In partnership with the City of Joburg Immovable Heritage department and the Johannesburg Heritage Foundation, Heritage Ways honoured house number 1670 on Molahloe Street in Orlando East, with a Johannesburg Heritage Site Blue Plaque.
Under the title, Home of Letta Mbulu, the plaque reads: This is the family home of international recording artist, Letta Mbulu.
She began her career at the age of 13 performing with the Swanky Spots at the Donaldson Hall. During 26 years of exile in the United States, she toured extensively, becoming a cultural activist. Her musical collaborators include Harry Belafonte, Quincy Jones, Cannonball Adderley and her husband, Caiphus Semenya.
It concluded with the description: Unveiled on Heritage Day 24 September 2018, to mark the 75th birthday of Letta Mbulu.
The ‘Not yet Uhuru’ crooner has come a long way in both her musical and life journeys, and the day’s events were the culmination of observations of her legacy, which incorporated an honorary lecture delivered in Parktown the previous day and a fun walk which preceded the unveiling ceremony.
With the honour forming part of this year’s Legacy Events, the structure was recognized as being a cradle which nurtured a national treasure.
The occasion was also to note the Order of Ikhamanga recipient’s artistic endeavours over the years – by the Road to Independence and the National Liberation Route. The abode, now a bigger, modern structure which underwent drastic transformation from how it was before Mbulu left for her lengthy sojourn in the United States, joins the ranks of the Mothopengs in Orlando West and that of Charlotte Maxeke at Kliptown, in being recognized thus.
Explained Soweto-based Heritage Ways’ heritage researcher and strategy developer, Tshenolo Mokhele, “Where Mama Letta Mbulu grew up in Orlando East is a place that will be credited as a Mother of all townships under the leadership of the late great civic leader, Mr James Sofasonke Mpanza, who in the 1940’s led the struggle of land grabbings.”
“Materials such as the Letta Mbulu site must also be considered for future inscription into the national liberation Route Register of Sites,” added Mokhele.
In the press release made available ahead of the weekend’s celebrations, the icon was quoted as referring to the location of her childhood as being known as, Plantation – a place she reminisced of as holding many wonderful and sad memories pending the difficult period of Apartheid brutality.
Mbulu grew up at the address with her mother, brothers and aunt. She also reflected upon how her brothers were chased by police for pass-books and of how, at age 13, she lost a brother who had been taken to Leeuwkop prison, where he got shot and subsequently died.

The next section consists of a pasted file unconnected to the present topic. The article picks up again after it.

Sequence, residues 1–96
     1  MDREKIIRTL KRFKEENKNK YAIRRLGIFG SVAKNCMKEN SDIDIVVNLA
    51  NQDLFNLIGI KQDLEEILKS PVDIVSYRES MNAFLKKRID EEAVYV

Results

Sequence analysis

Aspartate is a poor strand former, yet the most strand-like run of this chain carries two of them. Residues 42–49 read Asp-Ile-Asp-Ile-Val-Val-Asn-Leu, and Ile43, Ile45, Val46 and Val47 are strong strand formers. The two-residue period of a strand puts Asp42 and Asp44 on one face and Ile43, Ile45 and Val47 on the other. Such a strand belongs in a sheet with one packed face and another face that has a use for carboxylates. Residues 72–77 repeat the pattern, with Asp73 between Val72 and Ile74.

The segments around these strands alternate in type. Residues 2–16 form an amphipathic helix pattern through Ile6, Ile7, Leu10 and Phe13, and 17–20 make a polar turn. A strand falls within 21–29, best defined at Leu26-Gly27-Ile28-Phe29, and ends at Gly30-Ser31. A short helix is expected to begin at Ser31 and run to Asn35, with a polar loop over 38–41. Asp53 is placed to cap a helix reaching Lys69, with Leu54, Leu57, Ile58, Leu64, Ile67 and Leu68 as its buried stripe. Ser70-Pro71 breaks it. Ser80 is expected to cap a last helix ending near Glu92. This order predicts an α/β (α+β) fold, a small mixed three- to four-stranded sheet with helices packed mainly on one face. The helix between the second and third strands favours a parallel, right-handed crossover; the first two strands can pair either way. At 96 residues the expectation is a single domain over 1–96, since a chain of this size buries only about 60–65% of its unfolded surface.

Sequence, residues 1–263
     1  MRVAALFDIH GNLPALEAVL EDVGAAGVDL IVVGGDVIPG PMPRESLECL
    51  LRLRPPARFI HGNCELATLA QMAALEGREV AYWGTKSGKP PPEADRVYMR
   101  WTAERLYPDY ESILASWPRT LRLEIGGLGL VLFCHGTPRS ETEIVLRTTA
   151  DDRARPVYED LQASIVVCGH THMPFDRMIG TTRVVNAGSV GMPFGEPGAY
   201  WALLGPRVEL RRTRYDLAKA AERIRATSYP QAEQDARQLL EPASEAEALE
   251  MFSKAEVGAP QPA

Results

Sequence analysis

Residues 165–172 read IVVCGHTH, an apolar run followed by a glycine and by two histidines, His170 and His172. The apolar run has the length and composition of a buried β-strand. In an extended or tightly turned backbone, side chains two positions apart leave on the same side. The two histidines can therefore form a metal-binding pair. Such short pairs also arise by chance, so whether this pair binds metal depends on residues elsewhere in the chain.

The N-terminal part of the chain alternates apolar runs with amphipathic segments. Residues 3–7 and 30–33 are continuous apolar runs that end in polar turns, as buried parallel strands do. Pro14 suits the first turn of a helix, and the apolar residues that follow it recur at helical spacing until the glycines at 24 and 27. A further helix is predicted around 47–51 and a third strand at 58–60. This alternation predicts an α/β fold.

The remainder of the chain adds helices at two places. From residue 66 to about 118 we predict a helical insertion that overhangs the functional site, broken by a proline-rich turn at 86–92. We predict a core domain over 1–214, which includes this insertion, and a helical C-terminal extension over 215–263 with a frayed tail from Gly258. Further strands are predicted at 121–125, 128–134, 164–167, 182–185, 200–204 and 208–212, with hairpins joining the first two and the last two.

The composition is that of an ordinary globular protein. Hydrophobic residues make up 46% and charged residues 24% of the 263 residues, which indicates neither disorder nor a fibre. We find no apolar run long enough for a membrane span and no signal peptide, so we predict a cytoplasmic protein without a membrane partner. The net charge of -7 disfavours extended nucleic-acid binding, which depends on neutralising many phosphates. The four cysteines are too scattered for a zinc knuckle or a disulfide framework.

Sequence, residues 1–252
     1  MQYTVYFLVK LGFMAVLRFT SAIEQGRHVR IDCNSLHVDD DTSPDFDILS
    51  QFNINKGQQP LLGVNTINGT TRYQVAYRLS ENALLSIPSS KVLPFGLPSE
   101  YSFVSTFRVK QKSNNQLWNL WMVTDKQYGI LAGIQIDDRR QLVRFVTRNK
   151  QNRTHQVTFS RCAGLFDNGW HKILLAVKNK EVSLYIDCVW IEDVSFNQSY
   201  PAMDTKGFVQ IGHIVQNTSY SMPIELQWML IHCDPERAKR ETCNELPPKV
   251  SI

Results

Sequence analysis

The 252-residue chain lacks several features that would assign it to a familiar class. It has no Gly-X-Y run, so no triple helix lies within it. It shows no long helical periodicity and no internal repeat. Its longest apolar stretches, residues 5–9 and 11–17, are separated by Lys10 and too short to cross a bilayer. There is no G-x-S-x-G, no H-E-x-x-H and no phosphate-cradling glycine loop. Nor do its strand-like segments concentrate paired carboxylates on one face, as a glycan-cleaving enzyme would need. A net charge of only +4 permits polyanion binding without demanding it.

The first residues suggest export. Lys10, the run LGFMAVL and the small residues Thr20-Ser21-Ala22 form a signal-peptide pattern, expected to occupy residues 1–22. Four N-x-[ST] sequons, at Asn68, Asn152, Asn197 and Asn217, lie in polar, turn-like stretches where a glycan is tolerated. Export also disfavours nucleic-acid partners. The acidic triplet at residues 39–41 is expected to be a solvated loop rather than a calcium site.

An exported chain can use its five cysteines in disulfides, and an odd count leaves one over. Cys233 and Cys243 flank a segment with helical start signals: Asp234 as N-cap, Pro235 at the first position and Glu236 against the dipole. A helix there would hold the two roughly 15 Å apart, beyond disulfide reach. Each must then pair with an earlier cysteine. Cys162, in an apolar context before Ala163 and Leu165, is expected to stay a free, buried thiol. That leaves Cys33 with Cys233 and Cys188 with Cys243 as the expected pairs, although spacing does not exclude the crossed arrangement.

The oppressive system then rubbed salt into the family’s wound by refusing to release his body – resulting in her mother having to obtain the services of a lawyer, in order to let the authorities relent.
But there are also great memories she cherishes, she said – like the one of growing up in a musical family where both her mother and aunt indulged in the sonic pursuit.
The abiding musician thanked God for her gift and simultaneously acknowledged her mother’s nurturing of it. She remembered her neighbourhood as being one of camaraderie and credited a man named James Mabena as being the one who discovered her as a singer.
The people of this country [South Africa], she said, made her aware that she had something special because every time she performed, they applauded and approved – thereby instilling confidence in her.
Referring to the productive period of time she spent in the US, Mbulu intimated that while Americans just put a stamp on her stellar career – it was the people at home who saw her grow up and ultimately bestowed the confidence in her. She went on to declare that Orlando is her heart and that she would always be drawn to the location given that her umbilical cord is there!
But of course, the day was not only about the brick and mortar, as festivities in celebration of another milestone in the septuagenarian’s biography went swellingly down at the Orlando Communal Hall.
The still sprightly birthday girl, donning a lengthy traditional frock, was surrounded by long-time friends such as former South African High Commissioner, Lindiwe Mabuza, as young songstress, Thembi Khumalo serenaded her and guests with her well-known standards such as Jikijela and Music in the Air – to appreciative applause!
Her husband, impresario, ntate Caiphus Katse Semenya momentarily joined her in front of the stage for a cake-cutting call, whilst fellow musos and saxophonists, Steven Dyer and Sipho Mabuse, as well as City of Johannesburg MMC for Community Development, Nonhlanhla Sifumba, looked on beaming.
The goings-on at the hall were a colourful spectacle with guests splashed out in a delightful plethora of tribal costumes and gear, whilst high-kicking dance troupes and drum majorettes combined with musical items to keep attendees well and truly entertained.
Later on in the long weekend Spring afternoon, the celebrant, husband, family and friends drove back to the family home to continue on with celebrations within more private and intimate confines.
Upon arrival, Mbulu pulled out a framed image of how the house looked like many years ago, before it was refurbished, out of a sedan. She then proceeded to show her buddies and also obliged souvenir hunters snaps of her next to the new plaque.
“You think so?” she quipped, when the author of this piece put it to her that she’s been blessed with the sort of good genes which made her girlish figure belie her advanced age.
She then sashayed inside with Mabuza and bottles of bubbly following!